Re: Thomas Frizzell, Madison County, Missouri
The "correct" spelling of a surname is always an interesting topic for debate. I usually do not pay any attention to the manner of spelling of a particular surname if the name was being written by someone else. In one case by way of example, I have a Will written by counsel in the early 1800s and the testator's name was spelled no less than four different ways in this one document. I have seen Frizzell spelled any number of ways, including the examples you provide. That being said, usually when the name is written by a member of the family that can read and write it has been my experience that it is spelled "Frizzell" but scribes and enumerators spell it any way they think it should be spelled and phonetically the way they think the name was pronounced. It also depends on the dialect or accent of the speaker as well as the educational background of the person recording the information. And historically speaking, uniformity in the spelling of a name is of rather recent vintage.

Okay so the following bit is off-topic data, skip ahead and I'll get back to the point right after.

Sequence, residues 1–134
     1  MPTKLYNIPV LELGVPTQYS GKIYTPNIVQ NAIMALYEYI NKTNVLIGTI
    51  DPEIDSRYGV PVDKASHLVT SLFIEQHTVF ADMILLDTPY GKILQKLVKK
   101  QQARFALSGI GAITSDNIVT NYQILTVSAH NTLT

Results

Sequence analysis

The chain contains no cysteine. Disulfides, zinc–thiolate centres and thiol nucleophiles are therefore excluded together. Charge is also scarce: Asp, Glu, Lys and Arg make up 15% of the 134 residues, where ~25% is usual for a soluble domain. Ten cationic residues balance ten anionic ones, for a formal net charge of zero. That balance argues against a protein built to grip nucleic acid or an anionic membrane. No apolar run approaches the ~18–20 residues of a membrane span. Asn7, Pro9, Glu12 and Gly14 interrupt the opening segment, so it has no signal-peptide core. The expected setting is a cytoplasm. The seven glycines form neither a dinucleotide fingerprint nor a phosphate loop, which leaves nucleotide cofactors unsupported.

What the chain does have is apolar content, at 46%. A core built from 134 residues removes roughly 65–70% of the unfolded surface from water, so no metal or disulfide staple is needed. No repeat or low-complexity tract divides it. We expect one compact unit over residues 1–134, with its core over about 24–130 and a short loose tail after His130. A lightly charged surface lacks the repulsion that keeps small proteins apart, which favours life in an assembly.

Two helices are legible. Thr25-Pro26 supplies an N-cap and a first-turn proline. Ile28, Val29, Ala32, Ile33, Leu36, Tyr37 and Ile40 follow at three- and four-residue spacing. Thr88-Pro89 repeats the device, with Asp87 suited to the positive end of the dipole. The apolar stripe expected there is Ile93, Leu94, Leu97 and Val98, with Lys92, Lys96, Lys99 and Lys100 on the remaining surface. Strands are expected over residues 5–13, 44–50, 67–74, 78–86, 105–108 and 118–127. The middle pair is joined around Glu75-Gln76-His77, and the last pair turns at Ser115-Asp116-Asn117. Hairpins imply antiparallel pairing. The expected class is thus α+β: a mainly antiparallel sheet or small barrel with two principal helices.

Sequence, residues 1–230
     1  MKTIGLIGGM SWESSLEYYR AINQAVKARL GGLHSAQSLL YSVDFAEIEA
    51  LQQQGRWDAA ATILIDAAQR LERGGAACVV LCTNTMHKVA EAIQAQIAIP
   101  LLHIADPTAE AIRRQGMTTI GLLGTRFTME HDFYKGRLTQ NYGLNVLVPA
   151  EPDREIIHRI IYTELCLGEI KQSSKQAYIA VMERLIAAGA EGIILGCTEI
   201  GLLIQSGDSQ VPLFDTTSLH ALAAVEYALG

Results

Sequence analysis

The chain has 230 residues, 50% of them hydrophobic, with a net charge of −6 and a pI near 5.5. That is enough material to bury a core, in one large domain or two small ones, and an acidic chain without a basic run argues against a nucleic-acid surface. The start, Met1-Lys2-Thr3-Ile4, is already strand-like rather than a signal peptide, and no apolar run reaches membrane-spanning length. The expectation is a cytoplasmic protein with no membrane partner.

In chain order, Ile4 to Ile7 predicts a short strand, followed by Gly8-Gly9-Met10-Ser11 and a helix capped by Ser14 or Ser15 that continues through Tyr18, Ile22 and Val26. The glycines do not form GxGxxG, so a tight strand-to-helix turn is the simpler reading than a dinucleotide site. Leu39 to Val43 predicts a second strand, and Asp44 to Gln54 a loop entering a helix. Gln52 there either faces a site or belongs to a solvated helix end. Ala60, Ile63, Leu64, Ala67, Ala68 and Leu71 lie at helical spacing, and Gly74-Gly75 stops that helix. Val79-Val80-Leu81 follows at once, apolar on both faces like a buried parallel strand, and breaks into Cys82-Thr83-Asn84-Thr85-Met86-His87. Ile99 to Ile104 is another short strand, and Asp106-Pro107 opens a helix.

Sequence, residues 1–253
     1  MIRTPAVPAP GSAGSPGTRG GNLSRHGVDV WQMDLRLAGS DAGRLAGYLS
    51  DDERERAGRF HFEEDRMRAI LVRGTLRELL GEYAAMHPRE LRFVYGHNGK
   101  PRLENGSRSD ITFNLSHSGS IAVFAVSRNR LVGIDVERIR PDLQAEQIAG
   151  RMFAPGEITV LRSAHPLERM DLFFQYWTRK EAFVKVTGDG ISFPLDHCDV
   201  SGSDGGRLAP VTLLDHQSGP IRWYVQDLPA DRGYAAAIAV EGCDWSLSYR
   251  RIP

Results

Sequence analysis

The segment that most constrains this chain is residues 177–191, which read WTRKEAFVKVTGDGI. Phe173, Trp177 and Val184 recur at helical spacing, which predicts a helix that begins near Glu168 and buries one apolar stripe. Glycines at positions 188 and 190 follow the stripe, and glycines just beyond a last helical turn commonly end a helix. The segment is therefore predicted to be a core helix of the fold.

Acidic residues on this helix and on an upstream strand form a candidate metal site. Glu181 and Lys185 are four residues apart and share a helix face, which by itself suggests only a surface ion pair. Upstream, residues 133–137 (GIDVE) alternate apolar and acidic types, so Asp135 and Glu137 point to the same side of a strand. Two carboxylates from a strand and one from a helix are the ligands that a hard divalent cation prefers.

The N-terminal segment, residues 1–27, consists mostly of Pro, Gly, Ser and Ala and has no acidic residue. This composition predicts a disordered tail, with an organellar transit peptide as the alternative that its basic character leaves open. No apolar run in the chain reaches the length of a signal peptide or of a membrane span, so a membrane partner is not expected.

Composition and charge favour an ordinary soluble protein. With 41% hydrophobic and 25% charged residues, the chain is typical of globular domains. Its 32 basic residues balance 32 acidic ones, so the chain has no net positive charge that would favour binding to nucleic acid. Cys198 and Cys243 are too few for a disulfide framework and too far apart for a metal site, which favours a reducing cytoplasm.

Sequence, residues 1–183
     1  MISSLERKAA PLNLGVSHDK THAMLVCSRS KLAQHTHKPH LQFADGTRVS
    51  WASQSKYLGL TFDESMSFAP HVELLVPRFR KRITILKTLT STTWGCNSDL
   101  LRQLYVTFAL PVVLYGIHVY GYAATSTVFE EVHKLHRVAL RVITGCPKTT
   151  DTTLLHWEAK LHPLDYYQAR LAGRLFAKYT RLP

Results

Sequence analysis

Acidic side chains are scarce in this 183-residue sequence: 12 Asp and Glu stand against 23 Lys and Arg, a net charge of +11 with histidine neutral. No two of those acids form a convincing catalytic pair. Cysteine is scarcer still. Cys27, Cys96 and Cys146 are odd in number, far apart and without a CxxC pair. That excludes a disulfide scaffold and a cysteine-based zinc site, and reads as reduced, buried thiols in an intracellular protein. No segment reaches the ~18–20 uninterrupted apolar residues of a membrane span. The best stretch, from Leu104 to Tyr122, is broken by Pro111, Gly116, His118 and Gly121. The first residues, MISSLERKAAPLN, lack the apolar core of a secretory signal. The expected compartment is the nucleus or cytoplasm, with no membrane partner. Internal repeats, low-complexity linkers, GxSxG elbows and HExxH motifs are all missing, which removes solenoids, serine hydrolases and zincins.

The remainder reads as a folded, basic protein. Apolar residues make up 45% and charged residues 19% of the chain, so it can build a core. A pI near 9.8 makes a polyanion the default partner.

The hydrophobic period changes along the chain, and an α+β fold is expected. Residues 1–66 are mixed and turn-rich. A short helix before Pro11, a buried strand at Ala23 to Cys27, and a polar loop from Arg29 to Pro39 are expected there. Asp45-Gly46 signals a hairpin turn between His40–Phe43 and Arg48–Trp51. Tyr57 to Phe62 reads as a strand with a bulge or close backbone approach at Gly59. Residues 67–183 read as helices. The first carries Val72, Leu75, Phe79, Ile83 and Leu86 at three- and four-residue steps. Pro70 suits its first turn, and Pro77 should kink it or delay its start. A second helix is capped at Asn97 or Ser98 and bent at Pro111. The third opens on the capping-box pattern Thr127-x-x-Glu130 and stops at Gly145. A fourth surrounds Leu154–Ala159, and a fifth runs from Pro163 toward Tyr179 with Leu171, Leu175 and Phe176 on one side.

Whether a man's name is spelled Owen or Oand in the census record does not matter if everything else matches up with the collective record. The web site that lists the multitude of ways that a name has been spelled or can be spelled usually runs in excess of 60 to 80 per name.
Frizzell works for me but it’s up to you. I recommend that the primary entries be consistent and have alternative spellings secondary with accompanying notes so your data can be searched. Sorry if this response went further than you may have expected but I have seen genealogies end up as just wishful thinking because of insistence on a certain spelling of a surname (Grandad never spelled ourname that way so he/she can't be part of our family).
It’s been several years since I’ve worked on Frizzell. As I recall the family came from the Carolinas through Tennessee and on to Missouri. My line keys in with Thomas Frizzell's daughter Clarissa Frizzell born about 1812. She is called Clara, wife of Uriah Johnson, in his Will.